I continued my tradition of asking locals for recommendations and it did not disappoint! I was at a gas station when I was approached by an older gentleman who asked me where I was headed. Unsure of where I was going, I told him that I had no idea, to which he responded with “Good! Do you have a map?”. I always try and travel with paper maps for reasons like this. I pulled out my map of Montana and he began telling me where to go. “From Columbia Falls, keep heading north towards the back entrance of Glacier National Park. Get off the pavement and continue on N Fork Rd, a dirt road that runs along the edge of the park, providing some great views and even better riding. Make sure you stop in Polebridge, a real gem of a place with good coffee and better pastries. If you keep heading north through the woods, you’ll eventually hit an old border crossing thats no longer operational, about 20 years ago a flood washed out the roads on the Canadian side. You won’t be disappointed.” With no plans and the promise of another adventure, I was excited to follow his instructions - which mace for a day of riding that was better than expected.

I was now closing in on 14,000 miles as I continued on south through the states. I had passed through Bozeman and Big Sky, spending more time riding the great open roads of Montana. I was nearing Yellowstone when I made the decision to circumnavigate it. Having been previously - I decided to ride back into Idaho and take some less traveled dirt roads along the west side of the park, which ended up providing some amazing views of the Grand Tetons that I had never seen before. I continued back into Wyoming where the greenery and mountains soon turned to desert as I trekked further south, with my sights set on Colorado next.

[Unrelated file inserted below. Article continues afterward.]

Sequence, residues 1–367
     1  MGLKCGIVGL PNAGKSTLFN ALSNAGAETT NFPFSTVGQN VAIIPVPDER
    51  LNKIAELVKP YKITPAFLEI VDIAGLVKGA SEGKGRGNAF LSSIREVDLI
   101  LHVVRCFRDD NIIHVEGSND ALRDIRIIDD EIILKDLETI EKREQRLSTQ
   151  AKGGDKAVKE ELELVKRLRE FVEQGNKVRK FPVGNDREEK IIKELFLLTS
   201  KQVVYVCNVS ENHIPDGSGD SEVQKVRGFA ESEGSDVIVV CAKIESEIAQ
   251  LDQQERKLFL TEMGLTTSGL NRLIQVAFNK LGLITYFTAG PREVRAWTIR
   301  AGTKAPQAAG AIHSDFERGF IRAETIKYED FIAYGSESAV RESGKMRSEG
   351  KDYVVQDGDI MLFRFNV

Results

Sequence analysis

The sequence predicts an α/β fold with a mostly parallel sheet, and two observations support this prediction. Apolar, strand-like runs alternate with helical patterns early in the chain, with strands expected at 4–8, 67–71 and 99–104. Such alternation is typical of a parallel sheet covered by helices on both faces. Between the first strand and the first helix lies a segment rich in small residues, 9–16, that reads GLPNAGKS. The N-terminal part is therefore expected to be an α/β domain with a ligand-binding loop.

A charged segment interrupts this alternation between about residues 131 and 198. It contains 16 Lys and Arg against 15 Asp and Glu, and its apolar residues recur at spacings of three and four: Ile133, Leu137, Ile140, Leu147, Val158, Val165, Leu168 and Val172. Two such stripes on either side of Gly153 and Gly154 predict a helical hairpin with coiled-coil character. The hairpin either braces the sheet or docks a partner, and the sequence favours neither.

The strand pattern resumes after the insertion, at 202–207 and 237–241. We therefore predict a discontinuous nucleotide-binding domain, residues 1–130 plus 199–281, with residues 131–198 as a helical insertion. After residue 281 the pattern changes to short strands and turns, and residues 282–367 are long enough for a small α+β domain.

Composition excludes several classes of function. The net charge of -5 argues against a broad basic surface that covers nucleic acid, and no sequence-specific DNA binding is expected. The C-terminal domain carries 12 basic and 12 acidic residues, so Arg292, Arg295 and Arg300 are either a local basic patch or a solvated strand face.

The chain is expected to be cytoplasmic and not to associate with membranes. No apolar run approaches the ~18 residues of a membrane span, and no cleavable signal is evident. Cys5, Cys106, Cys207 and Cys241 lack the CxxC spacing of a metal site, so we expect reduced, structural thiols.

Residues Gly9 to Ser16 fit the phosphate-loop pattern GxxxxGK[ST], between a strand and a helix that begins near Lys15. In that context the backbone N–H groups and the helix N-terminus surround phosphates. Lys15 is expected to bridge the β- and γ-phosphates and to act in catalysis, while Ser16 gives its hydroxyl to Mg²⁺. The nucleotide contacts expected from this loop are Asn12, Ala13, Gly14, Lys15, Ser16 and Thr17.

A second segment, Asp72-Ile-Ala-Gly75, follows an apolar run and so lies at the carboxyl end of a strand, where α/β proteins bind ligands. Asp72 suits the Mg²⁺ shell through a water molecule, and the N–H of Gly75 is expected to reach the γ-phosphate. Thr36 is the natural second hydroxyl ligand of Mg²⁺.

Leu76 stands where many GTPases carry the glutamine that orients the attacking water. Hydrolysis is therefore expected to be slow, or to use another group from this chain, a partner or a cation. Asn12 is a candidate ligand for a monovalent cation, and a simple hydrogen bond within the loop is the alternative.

I’ve ridden through parts of Colorado previously and was truly blown away - and since then I had always wanted to return. My favorite area I had visited was the “Alpine Loop” near the small towns of Lake City, Silverton, Ouray, and Telluride. There is no other way to describe it other than it feeling like being on another planet. With good weather forecasted, my plan was to head in that direction towards the San Juan National Forest for some of the last mountain riding of the trip before heading home.

On day 58 I surpassed 14,600 miles and made it to Crested Butte, Colorado, which I quickly learned was the wildflower capitol of the state, only reinforced by the overwhelming presence of wildflowers nearly everywhere you looked. Having not been through Crested Butte before, I was excited to see a new pocket of the state while searching for surrounding trails and dirt riding.